Pfizer's Still A Sick Corporate Patient
Pfizer's sales were down but met expectations while its profit was better than forecast. Specifically, Pfizer's adjusted EPS of $0.60 was a penny higher than the average estimate of 16 analysts surveyed by Bloomberg. Revenue that declined 0.9% matched analysts' estimates of $16.98 billion. And revenues from two of Pfizer's drugs -- the Lyrica pain pill and Enbrel arthritis medicine -- exceeded analyst predictions.
Pfizer is still in the aftermath of a major management shakeup. Former CEO Jeff Kindler was tossed out of Pfizer after a December 2010 meeting with a board committee thanks to a rebellion within the ranks from people who believed he was trying to force too much change on the company and his own difficult management style, according to Fortune.
But the ailments facing big pharma have not gotten any better. Pfizer remains bloated with inefficient R&D, costs that make it unable to compete with generic pharmaceuticals manufacturers who make popular off-patent drugs at much lower costs -- pleasing corporate health plans, and a raft of products coming off patent -- with not enough new patented products to replace them.
Pfizer is taking some action to reduce costs. It's selling its animal health -- its best performing unit in the second quarter (sales up 18%) -- and infant formula businesses -- for as much as $22 billion. And Pfizer is cutting jobs to prepare for the loss of its patent on Lipitor, the $10.7 billion best-selling drug.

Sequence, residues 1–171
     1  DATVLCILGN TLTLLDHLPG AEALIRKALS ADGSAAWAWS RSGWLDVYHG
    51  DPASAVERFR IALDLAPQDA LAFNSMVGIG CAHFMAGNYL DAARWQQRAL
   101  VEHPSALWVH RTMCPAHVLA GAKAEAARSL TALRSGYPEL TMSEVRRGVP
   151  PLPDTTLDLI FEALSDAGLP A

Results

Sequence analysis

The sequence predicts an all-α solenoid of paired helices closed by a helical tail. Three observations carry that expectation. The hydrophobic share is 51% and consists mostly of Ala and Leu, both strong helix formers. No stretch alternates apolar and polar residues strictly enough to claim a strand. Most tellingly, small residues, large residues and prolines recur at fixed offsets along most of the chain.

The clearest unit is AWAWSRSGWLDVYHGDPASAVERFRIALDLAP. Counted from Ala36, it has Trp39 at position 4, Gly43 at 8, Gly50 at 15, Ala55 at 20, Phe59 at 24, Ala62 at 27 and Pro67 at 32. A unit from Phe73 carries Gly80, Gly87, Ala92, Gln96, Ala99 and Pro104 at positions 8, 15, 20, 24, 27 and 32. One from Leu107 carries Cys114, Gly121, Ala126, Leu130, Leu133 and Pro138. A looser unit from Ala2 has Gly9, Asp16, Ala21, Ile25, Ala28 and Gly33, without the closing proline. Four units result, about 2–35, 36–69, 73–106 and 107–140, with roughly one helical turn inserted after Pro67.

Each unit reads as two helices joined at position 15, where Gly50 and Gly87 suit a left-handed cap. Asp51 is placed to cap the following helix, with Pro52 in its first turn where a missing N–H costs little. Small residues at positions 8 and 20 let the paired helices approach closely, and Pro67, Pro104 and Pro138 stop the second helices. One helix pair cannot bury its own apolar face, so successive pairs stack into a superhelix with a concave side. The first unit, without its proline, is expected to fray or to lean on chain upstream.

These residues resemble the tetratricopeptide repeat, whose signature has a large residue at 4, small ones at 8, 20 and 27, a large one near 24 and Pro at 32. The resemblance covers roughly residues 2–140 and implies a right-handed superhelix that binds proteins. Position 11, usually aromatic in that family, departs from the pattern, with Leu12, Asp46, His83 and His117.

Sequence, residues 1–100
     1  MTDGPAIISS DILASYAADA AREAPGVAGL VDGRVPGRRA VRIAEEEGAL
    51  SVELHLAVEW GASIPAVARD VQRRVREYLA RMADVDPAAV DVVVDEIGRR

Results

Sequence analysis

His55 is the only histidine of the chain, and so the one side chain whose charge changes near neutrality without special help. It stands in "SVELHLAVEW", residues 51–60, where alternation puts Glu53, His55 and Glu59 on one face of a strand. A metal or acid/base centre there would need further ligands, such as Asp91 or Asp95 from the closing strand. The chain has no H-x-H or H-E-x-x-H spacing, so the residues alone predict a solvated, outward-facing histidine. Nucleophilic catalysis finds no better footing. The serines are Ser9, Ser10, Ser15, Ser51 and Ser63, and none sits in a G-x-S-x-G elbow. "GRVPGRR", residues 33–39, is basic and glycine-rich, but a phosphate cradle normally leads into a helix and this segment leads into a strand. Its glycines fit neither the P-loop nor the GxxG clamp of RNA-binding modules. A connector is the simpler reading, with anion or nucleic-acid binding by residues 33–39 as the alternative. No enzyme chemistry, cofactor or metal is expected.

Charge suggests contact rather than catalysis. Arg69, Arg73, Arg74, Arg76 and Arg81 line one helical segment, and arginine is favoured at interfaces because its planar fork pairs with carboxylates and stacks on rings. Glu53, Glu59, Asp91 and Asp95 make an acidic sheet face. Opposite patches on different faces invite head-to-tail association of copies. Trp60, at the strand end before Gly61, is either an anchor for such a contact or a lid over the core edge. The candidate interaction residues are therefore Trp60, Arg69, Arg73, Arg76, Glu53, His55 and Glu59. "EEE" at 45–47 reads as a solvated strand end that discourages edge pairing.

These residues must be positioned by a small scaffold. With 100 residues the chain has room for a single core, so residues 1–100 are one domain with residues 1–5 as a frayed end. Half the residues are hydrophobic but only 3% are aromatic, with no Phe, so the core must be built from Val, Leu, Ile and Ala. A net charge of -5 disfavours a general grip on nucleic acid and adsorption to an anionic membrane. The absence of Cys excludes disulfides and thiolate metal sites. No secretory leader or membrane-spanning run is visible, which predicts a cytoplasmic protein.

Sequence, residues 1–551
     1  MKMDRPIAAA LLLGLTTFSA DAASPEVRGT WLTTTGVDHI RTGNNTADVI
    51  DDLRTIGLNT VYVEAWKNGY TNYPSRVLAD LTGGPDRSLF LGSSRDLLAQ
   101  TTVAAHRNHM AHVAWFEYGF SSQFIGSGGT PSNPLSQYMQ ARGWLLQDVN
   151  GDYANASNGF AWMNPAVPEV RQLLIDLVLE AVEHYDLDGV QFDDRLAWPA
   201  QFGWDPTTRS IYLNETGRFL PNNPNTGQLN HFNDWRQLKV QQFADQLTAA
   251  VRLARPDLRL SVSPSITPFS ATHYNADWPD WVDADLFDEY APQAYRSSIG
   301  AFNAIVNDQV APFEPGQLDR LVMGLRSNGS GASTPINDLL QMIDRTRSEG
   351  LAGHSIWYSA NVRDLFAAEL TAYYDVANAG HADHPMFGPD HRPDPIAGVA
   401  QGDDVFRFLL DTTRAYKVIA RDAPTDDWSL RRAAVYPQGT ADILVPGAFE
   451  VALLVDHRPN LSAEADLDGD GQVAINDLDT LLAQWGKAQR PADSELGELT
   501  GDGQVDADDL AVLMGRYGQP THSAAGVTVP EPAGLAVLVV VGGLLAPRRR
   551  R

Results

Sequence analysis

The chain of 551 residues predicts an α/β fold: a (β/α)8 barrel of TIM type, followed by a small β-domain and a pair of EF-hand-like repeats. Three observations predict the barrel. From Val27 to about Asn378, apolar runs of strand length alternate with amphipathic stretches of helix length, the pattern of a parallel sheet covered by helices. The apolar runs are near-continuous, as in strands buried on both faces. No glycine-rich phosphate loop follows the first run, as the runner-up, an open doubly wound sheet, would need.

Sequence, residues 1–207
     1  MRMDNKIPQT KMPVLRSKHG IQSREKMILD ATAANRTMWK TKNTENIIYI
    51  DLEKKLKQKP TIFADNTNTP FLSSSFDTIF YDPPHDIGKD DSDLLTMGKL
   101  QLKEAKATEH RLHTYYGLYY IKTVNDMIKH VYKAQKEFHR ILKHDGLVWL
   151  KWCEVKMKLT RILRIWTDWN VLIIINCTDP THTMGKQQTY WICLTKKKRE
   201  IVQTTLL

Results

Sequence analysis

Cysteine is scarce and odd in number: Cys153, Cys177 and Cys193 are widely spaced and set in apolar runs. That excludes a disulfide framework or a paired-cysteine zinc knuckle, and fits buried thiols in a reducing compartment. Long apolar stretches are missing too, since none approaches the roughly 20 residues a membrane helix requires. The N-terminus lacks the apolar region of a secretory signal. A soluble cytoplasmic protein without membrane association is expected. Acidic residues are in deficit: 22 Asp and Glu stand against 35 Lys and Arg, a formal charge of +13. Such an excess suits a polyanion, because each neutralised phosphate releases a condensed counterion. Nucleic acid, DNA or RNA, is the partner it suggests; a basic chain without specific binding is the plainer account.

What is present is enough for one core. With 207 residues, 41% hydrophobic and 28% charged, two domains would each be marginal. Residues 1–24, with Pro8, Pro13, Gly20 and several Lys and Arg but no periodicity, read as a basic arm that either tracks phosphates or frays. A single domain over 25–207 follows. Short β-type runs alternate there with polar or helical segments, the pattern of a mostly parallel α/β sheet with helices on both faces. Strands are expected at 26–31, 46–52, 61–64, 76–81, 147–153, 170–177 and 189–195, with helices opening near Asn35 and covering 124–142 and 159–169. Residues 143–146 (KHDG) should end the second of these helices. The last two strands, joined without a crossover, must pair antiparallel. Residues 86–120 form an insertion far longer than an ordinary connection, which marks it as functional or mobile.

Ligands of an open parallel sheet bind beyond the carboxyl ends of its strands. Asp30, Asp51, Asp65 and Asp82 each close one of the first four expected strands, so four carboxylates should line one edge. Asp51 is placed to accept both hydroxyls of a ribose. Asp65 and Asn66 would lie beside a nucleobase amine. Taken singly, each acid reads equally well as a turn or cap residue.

It may be able to replace some of this lost revenue. Analysts also think that Pfizer has "three late-stage experimental medicines that analysts estimate may bring in more than $3.5 billion annually by 2015," according to Bloomberg. Unfortunately, nine of the world’s 15 best-selling medicines will go off-patent protection by 2016.
Does Pfizer have what it takes to make investors better off in this competitive environment?
Here are three reasons it might:
- Expectations-beating earnings reports. Pfizer has beaten analysts’ expectations in all of the last five reporting periods.
- Out-earning its cost of capital. Pfizer is earning more than its cost of capital – and it’s improving. How so? It produced positive EVA Momentum, which measures the change in “economic value added” (essentially, after-tax operating profit after deducting capital costs) divided by sales. In the first six months of 2011, Pfizer’s EVA momentum was 3%, based on first six months' 2010 annualized revenue of $67.4 billion, and EVA that rose from $2.1 billion annualizing the first six months of 2010 to $4 billion annualizing the first six months of 2011, using an 8% weighted average cost of capital.
- High dividend. Pfizer's dividend yield is 4.41%.
- Moderate growth, falling profits and shakier balance sheet. Pfizer has been growing slowly. Its $67.8 billion in revenues have increased at an average rate of 8.8% over the last five years bit its net income of $8.3 billion has fallen at a 6.8% annual rate over that period -- yielding a 12% net profit margin. Its debt has grown quickly but its cash has not changed. Pfizer's debt climbed at 62.6% annual rate from $5.5 billion (2006) to $38.4 billion (2010) while its cash has remained almost constant at $28.4 billion.
- Extremely high valuation. Pfizer's price to earnings to growth of 12.14 (where a PEG of 1.0 is considered fairly priced) means it is very over-valued. It currently has a P/E of 17 and is expected to grow 1.4% to $2.28 in 2012.
If you like a high dividend yield and can wait for the chance that it might revive its R&D pipeline, buy the stock. Otherwise, I think Pfizer has a lot of growing to do before it can justify its current exorbitant valuation.